Trigger warning: The following article discusses the topic of suicide.

Note: If you or someone you know is suicidal, please call the Trevor Project Hotline at 1-866-488-7386 or the National Suicide Prevention Hotline at 1-800-273-8255.


In the past year, the CDC has reported that LGBT+ youth are still at higher risk for suicide than straight and cisgender youth.1,2 As today is World Suicide Awareness Day, it is imperative to know how to protect those at highest risk for suicide. Guiding Families notes that bullying and family rejection are the two leading risk factors for LGBT+ youth.3

Silence Equals Rejection

When a teen comes out to their family, it is ideally not the only conversation, but the first of many. If a teen is met with silence after coming out, they will perceive it as rejection. This perceived rejection stemming from silence is what we call “family disconnection,” and the suicide risk in disconnected families is nearly identical to that of rejecting families.4

If a teen is met with silence or a lack of ongoing conversation after coming out, their risk of suicide is nearly identical to a teen who is blatantly rejected by their family. Take initiative to keep open conversation on gender, sexuality, and suicide.

While already at higher risk of suicide, LGBT+ teens from rejecting families are twice as likely to attempt suicide as those from accepting families.5 With this in mind, we must refuse to fall into silence when a teen comes out to us.

Stepping Out of Silence

If we are to protect young lives, silence is not an options. Here are three ways to step out of silence:

First, be intentional about follow-up conversations. If your teen has come out to you, it means they trust you. It is okay, then, to ask them if you can talk with them about their sexuality or gender identity again. Follow up conversations can be beneficial for both you and your teen.

Second, be aware of the possibility of bullying. Your teen might not share details about bullying at first. You should never assume they are being bullied. But let your teen know they can always come to you if someone is hurting them.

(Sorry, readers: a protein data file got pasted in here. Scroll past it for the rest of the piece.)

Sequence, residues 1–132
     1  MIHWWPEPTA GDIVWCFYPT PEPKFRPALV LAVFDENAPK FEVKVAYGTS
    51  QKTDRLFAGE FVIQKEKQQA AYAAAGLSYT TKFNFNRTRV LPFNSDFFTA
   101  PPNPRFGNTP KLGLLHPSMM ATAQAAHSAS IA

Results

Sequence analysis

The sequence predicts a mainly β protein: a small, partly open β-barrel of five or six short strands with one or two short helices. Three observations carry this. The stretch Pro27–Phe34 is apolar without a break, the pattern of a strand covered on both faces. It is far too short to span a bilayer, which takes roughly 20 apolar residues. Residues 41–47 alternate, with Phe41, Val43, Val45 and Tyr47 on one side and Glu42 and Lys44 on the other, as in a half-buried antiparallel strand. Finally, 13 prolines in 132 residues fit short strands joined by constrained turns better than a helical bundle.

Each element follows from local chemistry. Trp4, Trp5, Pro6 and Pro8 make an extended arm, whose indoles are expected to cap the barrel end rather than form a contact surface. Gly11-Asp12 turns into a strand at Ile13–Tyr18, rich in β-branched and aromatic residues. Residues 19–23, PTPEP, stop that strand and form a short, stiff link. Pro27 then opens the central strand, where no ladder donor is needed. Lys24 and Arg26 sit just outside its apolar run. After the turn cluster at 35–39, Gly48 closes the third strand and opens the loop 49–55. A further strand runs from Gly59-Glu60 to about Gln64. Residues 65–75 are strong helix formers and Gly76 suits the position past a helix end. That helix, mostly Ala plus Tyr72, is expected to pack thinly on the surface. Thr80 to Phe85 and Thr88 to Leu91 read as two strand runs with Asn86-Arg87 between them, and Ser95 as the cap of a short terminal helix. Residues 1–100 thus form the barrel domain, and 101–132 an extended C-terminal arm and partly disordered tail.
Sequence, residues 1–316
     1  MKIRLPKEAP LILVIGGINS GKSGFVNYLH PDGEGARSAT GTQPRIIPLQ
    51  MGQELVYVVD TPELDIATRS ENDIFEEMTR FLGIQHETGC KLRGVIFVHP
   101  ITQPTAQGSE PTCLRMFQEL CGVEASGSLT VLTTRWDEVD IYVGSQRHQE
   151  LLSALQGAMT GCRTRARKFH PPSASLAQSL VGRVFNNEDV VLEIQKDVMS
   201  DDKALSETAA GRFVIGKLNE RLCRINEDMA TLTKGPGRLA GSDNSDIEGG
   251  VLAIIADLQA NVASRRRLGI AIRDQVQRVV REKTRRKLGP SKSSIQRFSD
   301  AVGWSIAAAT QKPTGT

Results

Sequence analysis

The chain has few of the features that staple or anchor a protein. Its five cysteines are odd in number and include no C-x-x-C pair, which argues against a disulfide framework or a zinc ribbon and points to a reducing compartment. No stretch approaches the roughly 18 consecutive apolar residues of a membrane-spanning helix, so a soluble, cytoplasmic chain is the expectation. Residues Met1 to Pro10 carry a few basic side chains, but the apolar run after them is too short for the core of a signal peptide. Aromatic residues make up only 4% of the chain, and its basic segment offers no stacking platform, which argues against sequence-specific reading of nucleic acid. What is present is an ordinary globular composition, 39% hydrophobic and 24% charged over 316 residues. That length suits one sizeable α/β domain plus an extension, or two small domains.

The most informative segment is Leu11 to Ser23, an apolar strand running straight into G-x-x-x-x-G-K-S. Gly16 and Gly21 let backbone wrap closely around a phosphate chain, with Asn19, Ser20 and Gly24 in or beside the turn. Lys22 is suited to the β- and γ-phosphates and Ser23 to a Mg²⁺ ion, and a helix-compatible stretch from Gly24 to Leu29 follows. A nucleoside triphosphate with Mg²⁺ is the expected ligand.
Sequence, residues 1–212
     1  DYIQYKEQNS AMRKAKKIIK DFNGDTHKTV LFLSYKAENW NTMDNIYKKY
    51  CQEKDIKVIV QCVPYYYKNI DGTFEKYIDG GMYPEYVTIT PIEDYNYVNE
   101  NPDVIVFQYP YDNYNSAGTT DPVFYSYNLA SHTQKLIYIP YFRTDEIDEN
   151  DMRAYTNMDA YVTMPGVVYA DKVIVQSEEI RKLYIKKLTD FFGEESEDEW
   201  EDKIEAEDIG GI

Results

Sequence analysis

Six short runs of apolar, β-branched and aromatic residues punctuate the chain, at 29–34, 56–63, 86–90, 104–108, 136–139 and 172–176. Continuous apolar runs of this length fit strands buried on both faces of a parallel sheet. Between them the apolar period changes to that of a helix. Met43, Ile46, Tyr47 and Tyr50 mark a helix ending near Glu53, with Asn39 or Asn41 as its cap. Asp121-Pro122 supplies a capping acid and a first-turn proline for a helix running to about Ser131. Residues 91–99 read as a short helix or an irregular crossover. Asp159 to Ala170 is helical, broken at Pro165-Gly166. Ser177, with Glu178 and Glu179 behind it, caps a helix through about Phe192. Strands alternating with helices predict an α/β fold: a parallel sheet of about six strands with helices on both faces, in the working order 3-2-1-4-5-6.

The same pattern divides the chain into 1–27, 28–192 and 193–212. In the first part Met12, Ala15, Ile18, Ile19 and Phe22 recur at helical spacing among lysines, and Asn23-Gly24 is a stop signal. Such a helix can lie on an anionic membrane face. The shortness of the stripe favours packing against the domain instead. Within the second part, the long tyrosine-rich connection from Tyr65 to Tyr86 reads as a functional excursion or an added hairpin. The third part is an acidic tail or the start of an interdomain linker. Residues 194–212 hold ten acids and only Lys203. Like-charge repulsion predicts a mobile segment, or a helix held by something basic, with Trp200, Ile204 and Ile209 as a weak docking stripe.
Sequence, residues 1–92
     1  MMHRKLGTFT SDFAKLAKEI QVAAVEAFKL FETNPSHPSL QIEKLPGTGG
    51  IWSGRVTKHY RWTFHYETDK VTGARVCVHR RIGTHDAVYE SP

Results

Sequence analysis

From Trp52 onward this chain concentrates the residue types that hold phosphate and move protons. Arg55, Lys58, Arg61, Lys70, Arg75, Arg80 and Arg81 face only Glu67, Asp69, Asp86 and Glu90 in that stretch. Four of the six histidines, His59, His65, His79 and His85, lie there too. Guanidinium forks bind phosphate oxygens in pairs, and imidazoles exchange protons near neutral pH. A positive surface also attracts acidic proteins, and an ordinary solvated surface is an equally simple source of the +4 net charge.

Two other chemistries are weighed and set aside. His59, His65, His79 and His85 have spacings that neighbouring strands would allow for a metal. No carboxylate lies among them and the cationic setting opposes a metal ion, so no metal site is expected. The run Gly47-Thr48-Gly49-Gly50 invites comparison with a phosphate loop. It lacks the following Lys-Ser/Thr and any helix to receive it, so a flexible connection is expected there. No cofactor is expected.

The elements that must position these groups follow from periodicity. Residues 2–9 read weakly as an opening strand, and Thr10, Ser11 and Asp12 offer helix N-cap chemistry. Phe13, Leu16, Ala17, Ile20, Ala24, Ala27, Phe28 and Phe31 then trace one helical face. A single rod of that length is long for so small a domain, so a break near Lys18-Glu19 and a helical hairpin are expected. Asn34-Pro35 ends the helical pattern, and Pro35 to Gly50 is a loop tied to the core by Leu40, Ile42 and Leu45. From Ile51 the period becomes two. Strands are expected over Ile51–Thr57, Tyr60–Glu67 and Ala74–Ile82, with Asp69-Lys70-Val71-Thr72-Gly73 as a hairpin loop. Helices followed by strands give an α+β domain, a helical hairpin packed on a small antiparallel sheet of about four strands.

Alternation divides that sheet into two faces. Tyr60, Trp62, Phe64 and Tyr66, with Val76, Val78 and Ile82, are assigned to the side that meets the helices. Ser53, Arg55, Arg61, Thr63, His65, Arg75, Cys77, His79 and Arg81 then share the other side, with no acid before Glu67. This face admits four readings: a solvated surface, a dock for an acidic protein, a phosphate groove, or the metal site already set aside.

Third, know the warning signs for suicide. Make sure your teen knows it is okay to admit they are not feeling okay. Often, parents are unaware of a teen’s suicidal ideation.6 Take the first step to talk to your teen about the risk of suicide.

Further Resources

Talking with your teen about suicide is difficult, but important. Here are some further resources to help guide conversations with your LGBT+ teens.


1 Johns MM, Lowry R, Rasberry CN, et al. Violence Victimization, Substance Use, and Suicide Risk Among Sexual Minority High School Students — United States, 2015–2017. MMWR Morb Mortal Wkly Rep 2018;67:1211–1215. DOI: http://dx.doi.org/10.15585/mmwr.mm6743a4

2 Johns MM, Lowry R, Andrzejewski J, et al. Transgender Identity and Experiences of Violence Victimization, Substance Use, Suicide Risk, and Sexual Risk Behaviors Among High School Students — 19 States and Large Urban School Districts, 2017. MMWR Morb Mortal Wkly Rep 2019;68:67–71. DOI: http://dx.doi.org/10.15585/mmwr.mm6803a3external icon

3 Henson, B. J., Jr. (2018). Guiding Families of LGBT Loved Ones (2nd ed., pp. 16-17). Boston, MA: Posture Shift Books.

4 Ibid.

5 Ibid.

6 Baatz M, New Study: Half of Parents Don’t Know Their Teen Has Suicidal Thoughts. https://www.leadthemhome.org/2019/03/new-study-half-of-parents-dont-know-their-teen-has-suicidal-thoughts.html#.XW_IJC2ZNdg

Mitchell Yaksh